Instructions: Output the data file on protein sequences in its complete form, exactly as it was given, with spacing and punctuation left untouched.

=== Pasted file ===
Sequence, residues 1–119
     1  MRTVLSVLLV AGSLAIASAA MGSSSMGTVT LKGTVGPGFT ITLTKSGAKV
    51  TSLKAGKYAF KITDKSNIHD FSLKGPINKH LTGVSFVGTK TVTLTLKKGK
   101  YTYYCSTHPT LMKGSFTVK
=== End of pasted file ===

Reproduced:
Sequence, residues 1–119
     1  MRTVLSVLLV AGSLAIASAA MGSSSMGTVT LKGTVGPGFT ITLTKSGAKV
    51  TSLKAGKYAF KITDKSNIHD FSLKGPINKH LTGVSFVGTK TVTLTLKKGK
   101  YTYYCSTHPT LMKGSFTVK